This was not Raymond Palmer’s first exposure to the power of scientific hoaxes in the media. Palmer, Julius Schwartz, and Mort Weisinger all played key roles in the rise of science fiction fandom in the 1930s, and in one instance worked together on a fanzine title called Fantasy Magazine. Julius Schwartz wrote a series of columns for the magazine covering various scientific hoaxes throughout history. In one nifty bit of foreshadowing, the January, 1934 entry covered the Great Moon Hoax of 1835, which was about a race of Batmen on the moon, reported as a factual scientific discovery in the New York newspaper The Sun in several issues that year. In another nifty bit of foreshadowing, one of Raymond Palmer’s regular columns in Fantasy Magazine was titled Spilling the Atoms.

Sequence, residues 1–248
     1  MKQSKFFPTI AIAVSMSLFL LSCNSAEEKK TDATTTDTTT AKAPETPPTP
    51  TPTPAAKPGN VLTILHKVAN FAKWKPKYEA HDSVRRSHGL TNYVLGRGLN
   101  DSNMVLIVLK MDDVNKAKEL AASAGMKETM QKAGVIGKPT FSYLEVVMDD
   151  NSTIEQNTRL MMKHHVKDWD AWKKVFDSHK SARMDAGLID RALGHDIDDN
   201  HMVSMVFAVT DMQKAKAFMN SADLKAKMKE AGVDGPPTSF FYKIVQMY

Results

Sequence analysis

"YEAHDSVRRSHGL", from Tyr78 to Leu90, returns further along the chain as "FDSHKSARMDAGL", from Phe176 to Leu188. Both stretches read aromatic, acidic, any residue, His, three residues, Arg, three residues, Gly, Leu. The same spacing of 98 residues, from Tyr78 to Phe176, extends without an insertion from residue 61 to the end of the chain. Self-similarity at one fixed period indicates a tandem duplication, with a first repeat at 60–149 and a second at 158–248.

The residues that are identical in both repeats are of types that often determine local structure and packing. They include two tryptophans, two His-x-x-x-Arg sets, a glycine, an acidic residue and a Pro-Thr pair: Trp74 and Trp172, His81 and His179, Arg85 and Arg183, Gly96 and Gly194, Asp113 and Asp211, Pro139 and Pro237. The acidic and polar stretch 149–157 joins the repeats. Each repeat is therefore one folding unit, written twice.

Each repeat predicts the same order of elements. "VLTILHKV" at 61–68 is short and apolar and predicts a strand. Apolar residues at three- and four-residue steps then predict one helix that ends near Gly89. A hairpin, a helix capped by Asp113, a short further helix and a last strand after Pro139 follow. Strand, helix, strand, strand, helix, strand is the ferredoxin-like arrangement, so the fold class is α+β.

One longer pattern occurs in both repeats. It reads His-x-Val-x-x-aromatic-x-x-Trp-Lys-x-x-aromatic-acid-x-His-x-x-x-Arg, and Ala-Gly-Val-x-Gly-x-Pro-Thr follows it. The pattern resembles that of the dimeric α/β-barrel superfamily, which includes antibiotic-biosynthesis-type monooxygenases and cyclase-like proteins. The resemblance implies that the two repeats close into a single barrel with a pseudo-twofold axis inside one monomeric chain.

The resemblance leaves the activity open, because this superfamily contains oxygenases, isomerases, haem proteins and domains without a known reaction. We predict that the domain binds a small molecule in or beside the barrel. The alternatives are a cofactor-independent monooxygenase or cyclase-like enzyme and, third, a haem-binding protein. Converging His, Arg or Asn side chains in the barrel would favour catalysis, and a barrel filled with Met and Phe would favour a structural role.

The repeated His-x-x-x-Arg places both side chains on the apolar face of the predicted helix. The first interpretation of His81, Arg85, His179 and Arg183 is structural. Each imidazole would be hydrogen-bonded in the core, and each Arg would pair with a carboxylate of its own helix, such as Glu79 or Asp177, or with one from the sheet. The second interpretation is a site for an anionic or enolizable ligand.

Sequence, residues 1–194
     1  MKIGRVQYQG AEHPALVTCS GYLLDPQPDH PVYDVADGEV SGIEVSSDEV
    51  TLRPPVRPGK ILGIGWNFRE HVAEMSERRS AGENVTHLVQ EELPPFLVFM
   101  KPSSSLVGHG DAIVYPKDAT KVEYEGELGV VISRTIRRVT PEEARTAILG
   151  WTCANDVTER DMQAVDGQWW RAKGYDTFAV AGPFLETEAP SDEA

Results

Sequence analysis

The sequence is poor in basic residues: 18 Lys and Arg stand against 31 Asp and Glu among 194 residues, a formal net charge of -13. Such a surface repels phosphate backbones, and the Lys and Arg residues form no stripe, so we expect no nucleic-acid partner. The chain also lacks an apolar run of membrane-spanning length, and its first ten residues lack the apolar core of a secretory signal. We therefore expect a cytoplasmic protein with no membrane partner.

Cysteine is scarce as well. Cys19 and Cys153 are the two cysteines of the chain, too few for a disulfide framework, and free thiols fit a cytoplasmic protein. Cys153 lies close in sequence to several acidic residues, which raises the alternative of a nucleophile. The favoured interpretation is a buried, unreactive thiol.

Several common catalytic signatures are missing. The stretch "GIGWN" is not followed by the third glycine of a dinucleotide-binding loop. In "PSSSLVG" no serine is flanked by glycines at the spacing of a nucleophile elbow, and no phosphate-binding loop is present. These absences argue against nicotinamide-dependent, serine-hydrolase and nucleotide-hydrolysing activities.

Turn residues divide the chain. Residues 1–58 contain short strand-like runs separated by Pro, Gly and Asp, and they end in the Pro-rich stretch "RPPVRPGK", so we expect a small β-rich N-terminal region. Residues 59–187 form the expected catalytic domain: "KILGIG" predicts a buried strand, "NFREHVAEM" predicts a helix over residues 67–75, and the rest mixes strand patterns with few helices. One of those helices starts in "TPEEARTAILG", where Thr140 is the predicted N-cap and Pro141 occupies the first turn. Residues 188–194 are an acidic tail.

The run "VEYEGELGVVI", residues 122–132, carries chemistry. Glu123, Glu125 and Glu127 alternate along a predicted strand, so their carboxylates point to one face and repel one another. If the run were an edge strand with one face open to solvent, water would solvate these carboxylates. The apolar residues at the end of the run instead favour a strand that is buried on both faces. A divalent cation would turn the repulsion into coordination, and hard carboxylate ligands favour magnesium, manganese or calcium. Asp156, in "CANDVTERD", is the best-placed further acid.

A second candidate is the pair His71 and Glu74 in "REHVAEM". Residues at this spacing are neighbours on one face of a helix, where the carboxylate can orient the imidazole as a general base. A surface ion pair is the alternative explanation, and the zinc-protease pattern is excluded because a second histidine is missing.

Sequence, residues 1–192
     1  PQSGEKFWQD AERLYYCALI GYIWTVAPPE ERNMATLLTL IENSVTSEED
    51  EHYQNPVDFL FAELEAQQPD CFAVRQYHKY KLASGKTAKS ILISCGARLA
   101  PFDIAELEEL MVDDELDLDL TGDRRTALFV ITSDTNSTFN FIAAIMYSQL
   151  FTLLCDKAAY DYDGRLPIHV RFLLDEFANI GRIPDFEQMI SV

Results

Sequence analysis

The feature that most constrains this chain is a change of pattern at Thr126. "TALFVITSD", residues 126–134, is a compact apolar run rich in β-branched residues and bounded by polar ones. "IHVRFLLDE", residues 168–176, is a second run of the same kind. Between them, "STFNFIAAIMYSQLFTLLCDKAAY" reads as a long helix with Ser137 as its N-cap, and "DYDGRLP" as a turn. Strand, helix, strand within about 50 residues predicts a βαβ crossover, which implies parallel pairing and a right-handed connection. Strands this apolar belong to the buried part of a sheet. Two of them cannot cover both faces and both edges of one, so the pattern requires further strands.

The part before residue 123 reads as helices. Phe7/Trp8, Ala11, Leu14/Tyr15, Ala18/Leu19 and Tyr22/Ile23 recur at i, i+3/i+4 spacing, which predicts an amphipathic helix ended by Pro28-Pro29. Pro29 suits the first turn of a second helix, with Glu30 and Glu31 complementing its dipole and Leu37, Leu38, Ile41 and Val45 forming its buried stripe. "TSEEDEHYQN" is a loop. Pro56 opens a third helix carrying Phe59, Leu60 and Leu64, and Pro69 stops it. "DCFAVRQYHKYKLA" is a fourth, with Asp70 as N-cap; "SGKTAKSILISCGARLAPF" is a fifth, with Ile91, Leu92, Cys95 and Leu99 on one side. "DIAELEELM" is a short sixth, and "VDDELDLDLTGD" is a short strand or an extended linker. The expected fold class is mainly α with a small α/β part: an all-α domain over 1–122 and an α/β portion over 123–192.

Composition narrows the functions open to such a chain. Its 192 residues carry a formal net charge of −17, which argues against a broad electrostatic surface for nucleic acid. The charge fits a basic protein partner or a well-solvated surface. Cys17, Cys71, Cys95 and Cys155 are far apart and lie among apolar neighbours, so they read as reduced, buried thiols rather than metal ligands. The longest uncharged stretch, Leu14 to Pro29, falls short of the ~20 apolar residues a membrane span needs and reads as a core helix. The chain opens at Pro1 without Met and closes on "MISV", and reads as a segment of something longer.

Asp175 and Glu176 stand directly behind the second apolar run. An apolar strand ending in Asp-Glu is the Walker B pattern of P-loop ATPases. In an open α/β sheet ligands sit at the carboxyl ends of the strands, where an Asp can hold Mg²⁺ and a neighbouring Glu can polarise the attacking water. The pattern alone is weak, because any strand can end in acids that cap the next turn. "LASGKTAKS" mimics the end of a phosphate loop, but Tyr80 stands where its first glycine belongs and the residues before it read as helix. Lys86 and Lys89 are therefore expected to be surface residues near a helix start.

A few decades later, Schwartz would be the editor of Batman (among many other titles), and he would also name the Silver Age version of The Atom after his friend Ray Palmer. Palmer himself would be promoting scientific hoaxes like UFO conspiracies and other topics which took the separate terms ‘science’ and ‘fiction’, and smashed them together with as much force as possible.
What we know of Palmer’s role in the development of UFO conspiracies comes largely from the files of the FBI. Roswell was actually preceded by two weeks by two other events, on June 22 and June 24, 1947. During the Maury Island Incident, two men claimed to have seen UFOs — among other things– in the sky over Maury Island, Washington. Two days later, aviator Kenneth Arnold claimed to have seen nine UFO’s flying in formation near Mount Rainier, Washington. The FBI later found that Raymond Palmer was in contact with all of these men soon after: